A seed is a seed is a seed, right? Not quite. If you’re in the market for, say, tomato seeds, you’ll likely encounter a dizzying variety of options at the nursery. You’ll also notice a few key terms that keep popping up on the packets: heirloom, hybrid, and open-pollinated. What do these terms mean?
An easy way to remember what they mean is to equate them to dog types. Think of heirloom seeds as classic pure breeds; hybrids as mixes, like labradoodles, that were intentionally cross-bred; and open-pollinated seeds as mutts.
Here, more thorough definitions of the three types of seeds.
N.B.: Featured photograph by Mimi Giboin, from MIX Garden, Healdsburg’s Well Considered Shop with a Mission.
Hybrid seeds are created when breeders cross-pollinate two varieties of a plant in order to produce a consistent desired effect, such as larger size or better resistance to disease or earlier maturity. Plants grown from store-bought hybrid seeds tend, in general, to be hardier. The downside is that you can’t save the seeds, as plants grown from the next generation of seeds won’t be “true to type” (like the parents).
Open-pollinated seeds are from plants that reproduce naturally, without human intervention, either via wind, insects, and water or via self-pollination (when the plant has both male and female parts). As long as they grow far from crops that are different varieties (but same species), their seeds will grow plants that are true to type and exhibit reliable traits. Many gardeners think that vegetables grown from open-pollinated seeds taste better than those from hybrid seeds.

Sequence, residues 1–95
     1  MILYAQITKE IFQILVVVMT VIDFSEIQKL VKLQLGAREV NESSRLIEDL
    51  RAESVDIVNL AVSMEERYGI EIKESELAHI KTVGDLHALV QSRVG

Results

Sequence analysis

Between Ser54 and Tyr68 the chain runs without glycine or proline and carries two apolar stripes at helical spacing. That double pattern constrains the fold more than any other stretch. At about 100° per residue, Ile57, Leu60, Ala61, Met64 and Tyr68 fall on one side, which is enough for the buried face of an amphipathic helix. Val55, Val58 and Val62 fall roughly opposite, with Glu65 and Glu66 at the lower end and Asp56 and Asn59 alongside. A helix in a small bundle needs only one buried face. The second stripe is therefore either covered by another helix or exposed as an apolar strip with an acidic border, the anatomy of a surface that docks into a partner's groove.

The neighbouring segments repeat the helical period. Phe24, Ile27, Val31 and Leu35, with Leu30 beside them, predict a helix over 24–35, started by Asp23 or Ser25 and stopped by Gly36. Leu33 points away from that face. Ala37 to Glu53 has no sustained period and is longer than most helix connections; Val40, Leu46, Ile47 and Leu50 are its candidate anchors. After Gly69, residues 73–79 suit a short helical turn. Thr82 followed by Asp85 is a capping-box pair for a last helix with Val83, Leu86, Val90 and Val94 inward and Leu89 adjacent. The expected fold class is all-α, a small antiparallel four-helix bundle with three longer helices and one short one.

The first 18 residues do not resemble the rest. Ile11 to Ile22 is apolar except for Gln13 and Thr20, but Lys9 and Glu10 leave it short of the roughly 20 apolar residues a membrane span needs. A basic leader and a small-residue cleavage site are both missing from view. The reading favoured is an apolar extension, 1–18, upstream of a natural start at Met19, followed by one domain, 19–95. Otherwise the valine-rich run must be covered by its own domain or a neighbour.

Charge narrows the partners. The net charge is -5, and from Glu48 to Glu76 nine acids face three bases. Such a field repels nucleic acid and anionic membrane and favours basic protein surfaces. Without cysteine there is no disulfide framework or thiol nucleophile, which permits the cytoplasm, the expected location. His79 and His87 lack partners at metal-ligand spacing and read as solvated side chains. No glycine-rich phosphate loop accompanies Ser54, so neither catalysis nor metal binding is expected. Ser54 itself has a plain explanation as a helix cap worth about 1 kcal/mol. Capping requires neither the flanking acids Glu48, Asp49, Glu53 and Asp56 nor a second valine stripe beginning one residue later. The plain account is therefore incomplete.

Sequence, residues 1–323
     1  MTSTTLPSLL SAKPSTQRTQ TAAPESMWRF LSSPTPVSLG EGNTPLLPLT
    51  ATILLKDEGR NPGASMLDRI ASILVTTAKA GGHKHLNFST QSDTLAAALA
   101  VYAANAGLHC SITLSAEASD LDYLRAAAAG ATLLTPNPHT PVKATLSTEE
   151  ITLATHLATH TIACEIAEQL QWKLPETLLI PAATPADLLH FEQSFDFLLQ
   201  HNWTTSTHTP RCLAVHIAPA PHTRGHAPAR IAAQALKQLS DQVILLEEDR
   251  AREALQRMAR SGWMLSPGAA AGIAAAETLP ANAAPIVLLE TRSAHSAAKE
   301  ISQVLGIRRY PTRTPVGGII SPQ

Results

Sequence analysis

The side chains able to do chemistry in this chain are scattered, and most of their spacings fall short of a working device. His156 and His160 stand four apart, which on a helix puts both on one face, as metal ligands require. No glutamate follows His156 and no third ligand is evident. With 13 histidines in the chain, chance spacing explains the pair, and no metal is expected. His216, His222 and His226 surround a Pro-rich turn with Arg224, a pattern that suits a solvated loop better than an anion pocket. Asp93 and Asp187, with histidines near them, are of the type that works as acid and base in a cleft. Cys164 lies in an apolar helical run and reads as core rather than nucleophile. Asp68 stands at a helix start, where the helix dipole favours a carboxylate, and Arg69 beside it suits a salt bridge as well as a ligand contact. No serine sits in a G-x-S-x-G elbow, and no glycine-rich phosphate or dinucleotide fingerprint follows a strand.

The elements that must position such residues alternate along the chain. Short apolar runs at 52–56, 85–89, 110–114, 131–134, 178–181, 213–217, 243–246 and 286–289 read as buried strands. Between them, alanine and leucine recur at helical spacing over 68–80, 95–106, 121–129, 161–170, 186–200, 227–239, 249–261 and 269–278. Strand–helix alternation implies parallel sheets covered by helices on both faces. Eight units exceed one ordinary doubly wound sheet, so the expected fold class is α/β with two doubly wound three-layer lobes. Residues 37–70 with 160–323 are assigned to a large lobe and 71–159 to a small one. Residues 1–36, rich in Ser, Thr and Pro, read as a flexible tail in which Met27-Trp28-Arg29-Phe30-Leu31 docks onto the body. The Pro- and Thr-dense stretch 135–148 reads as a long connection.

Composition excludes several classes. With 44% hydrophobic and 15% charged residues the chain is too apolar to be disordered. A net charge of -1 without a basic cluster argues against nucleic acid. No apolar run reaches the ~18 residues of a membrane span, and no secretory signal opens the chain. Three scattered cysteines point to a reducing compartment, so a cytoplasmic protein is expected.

Heirloom seeds are typically the most desirable. They have often been passed down within a family (like heirloom furniture) or community and enjoy a long history. From an article in the quarterly print publication Heirloom Gardener: “While some companies create heirloom labels based on dates (such as a cultivar that is more than 50 years old), the nonprofit Seed Savers Exchange (SSE) defines heirlooms as cultivars that have been saved and shared by generations of home gardeners.”(Generally, they date to pre-World War II era.) Heirloom seeds are all open-pollinated, but not all open-pollinated seeds are heirloom.
For more on seeds, see:
- Your First Garden: What You Need to Know Before You Start Seeds
- DIY: How to Save Seeds for Next Year
- 10 Easy Pieces: Heirloom Seeds for Spring
For more Garden Decoders, see:
- The Garden Decoder: What Are ‘Native Plants’?
- The Garden Decoder: What Does ‘Organic Gardening’ Really Mean?
- The Garden Decoder: What Is ‘Companion Planting’?
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